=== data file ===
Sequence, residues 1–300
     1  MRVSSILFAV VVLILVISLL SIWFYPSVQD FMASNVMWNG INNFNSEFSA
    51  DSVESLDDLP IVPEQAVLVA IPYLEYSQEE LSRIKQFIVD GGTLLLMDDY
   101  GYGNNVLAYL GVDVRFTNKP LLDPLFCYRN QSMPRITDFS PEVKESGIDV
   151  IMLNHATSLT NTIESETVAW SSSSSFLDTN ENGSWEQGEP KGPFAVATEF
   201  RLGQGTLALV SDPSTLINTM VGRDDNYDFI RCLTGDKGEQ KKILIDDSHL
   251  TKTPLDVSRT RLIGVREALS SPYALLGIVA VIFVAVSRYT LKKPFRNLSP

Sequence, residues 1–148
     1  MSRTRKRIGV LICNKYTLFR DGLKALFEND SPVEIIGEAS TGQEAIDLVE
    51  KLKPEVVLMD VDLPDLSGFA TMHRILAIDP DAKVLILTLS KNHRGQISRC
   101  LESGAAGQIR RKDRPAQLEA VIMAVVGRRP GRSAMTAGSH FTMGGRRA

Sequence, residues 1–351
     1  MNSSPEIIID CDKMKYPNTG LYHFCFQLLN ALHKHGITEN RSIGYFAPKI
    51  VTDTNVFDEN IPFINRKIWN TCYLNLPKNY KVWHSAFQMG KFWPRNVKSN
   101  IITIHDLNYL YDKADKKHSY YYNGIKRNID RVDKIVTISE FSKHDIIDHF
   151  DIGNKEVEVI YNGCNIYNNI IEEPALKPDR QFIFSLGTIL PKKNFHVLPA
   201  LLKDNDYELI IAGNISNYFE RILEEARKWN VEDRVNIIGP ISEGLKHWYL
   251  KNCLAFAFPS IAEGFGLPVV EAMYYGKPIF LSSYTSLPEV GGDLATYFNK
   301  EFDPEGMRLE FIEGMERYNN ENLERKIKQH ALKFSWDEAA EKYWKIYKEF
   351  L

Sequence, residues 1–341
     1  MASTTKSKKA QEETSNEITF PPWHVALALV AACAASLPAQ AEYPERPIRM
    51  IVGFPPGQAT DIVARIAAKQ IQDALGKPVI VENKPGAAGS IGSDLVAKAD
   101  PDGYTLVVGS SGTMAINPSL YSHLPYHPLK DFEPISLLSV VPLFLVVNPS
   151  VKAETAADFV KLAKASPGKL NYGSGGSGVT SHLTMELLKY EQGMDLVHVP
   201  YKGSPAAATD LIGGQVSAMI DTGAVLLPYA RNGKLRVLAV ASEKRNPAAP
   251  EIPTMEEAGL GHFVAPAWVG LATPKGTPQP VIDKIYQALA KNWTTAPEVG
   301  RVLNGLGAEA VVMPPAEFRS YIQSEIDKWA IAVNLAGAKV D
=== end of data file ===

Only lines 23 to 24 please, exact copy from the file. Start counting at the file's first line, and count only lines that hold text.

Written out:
    51  IVGFPPGQAT DIVARIAAKQ IQDALGKPVI VENKPGAAGS IGSDLVAKAD
   101  PDGYTLVVGS SGTMAINPSL YSHLPYHPLK DFEPISLLSV VPLFLVVNPS